I hope that you have someone in your life who you can talk to and understands your situation and lend you support. If you do not, I am here for you, and would be willing to give up my anonymity without a problem to lend an ear, shoulder, advice or make you laugh.

Thinking about ya! Hang in there.

Ultra Toast Mosha God said...

"I love it when I hear that people hadn't an idea what I had been going through, or that I have been holding up better than expected"

Why do you love it?

cinemec said...

How hard it must be when you're so studied up on such matters of the human psyche to deal with one's own existence. You can apply the math to your own state of being but it doesn't make it any easier to deal with and move onwards. Still, imagine there are hundreds upon thousands of souls out there going through exactly the same as you every day then imagine they don't have the kind of support from friends, colleagues, family etc as you do. Then stop imagining because it is probably true. Now look at your reticence to burden others with your issues and problems. I'd argue it is your duty to allow those who are willing to help out in whatever small way they can. You'll feel better, they'll feel better from the thought they have helped you out and then you can go on and return the favour to someone not so lucky as ourselves in the support stakes.
But what do I know. I've jut read through this comment and realised it could sound like a bit of a harsh pep talk. It wasn't intended in that way, just to say anything you want to confide in us in this forum i'm sure any of us will be happy to give our $0.02 worth and help out where we can.
Does that make sense? Helloo?! anyone still there? Is this thing on??

Eve said...

I'm the same way, but I've been trying to not feel the need to be so stoic. It's one thing to not be too needy, but releasing some of that emotional whatever really helps. I mean, it really isn't that bad, which is something you often realize only through talking about it. It's one thing to know it, and totally another to lower the wall. It's scary at first, is also validating. When you open up and admit what you perceive to be a weakness, it inevitably form connections with people, which helps you realize that you aren't the only person in the world experiencing something. You are not alone. Just look at all the responses you've gotten!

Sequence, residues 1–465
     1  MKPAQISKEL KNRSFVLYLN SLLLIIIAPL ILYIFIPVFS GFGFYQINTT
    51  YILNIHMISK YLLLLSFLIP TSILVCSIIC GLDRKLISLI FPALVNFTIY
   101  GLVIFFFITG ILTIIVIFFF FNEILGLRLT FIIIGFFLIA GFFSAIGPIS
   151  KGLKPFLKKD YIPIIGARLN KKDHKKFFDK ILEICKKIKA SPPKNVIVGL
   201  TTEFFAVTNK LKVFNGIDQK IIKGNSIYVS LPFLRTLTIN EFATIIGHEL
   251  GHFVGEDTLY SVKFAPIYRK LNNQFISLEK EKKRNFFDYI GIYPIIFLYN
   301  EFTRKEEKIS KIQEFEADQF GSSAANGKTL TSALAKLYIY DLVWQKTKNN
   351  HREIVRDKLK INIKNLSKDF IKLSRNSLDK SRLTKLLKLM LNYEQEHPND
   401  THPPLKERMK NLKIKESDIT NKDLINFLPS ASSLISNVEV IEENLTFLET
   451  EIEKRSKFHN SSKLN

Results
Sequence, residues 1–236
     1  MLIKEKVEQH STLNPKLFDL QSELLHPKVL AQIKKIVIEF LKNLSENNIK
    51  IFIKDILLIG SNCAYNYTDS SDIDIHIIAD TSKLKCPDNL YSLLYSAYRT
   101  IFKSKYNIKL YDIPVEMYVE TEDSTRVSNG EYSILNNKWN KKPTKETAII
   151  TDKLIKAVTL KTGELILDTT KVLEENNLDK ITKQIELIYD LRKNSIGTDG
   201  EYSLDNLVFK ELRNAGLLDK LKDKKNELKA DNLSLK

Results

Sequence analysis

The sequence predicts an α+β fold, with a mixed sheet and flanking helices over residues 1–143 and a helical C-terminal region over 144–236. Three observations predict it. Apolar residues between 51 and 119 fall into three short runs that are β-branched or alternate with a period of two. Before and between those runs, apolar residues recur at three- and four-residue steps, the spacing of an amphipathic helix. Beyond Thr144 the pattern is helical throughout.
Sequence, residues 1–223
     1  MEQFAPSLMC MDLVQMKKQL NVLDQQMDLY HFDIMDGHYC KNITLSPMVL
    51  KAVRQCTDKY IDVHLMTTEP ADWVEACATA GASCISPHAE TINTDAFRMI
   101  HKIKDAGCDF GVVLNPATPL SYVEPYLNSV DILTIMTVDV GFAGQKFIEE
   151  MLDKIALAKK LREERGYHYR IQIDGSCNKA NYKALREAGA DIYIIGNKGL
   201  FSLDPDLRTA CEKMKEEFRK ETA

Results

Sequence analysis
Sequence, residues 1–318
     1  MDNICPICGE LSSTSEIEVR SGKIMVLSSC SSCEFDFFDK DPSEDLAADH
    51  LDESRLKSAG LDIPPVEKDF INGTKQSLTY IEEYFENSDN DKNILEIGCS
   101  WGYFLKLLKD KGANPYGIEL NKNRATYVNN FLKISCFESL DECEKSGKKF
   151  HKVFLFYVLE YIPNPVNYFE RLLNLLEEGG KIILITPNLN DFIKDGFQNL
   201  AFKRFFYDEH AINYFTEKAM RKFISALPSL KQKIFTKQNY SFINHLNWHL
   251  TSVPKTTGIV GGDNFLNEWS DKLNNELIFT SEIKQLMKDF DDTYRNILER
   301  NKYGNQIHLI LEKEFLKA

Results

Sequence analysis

eric1313 said...

"Part of it is merely the weird professional pressure you get, as a psychologist, to epitomize the myth of mental health."

I think I understand this. I don't know if you are aware of it, I assume you are and just didn't want to perpetuate the following yourself: There have been a lot of studies that say that on average, mental health professionals tend to have higher incidences of psychological disorders and suicide rates. And you don't want to be seen in that light at all. Aside from wanting to always appear as the rock that others can positively count on, every time.

But careful not to become a psych dumping ground! That will catch up with you one day. I'm sure you have that under control.

And I know why you love itwhen people don't realize the pain you go through and troubles that are on your mind: it's how you rate your self on the level of cotrol that you exert over your emotions. I cold see control being a thing in your life. But that's not a bad thing; you don't seem to extend that control to other people in your life, beyond their perception of you. You let them decide their own paths.

Any way, I also have a vomit without a hitch story, too--except it's not as smooth as yours. After my old band cut our second demo in the studio, we had an after party, where I smoked a huge doobie, ate two whoppers (they were on sale for a dollar!), had a few snoot fulls of vodka and stood up in the midst of the party, went to the bath room, wretched like mad, cleaned up, borrowed some mouthwash (we were at my drummer's house), and walked back out like nothing happened.

I noticed everyone looking at me. I ignored it. Finally, the singer was like, "dude, did you just ralf in there?"

"No..." I looked at him then everyone else like I had no idea about what was being said.

A few more inquiries, I deflected them, and all went back to normal--I laid off the vodka, but smoked another joint with the boys and crashed out on the couch watching Beetlejuice as the party wound down.

Everyone knew, but I played it cool, so it was OK. Now, if I had been uncontrollably ill, I would not have heard the end of it. Ever.

man I want a dube now. I haven't smoked down in over a month! That's life.

And by the way--I keep between three and five tabs open at a time. I read a bunch of blogs, comment, but every few ones, I pop over to this one, read another post and jibber jabber on the keys. It's all good! I figured I'd say that, just in case you look at your blog tracker and see that this page was open for hours.

Peace, yo! And good night.

eric1313 said...

Hey there!

I read the comment again, and realized you meant the poem it's self.

That's cool! It did have a kind of voyeur thing going on--like looking in a hotel window for a split second.

Thanks for the visit over there. And I'm glad you met Singleton, my good writer/artist/poet friend--her stuff is really unique. If your parents were hippies, then you kow how strange and cool they can be.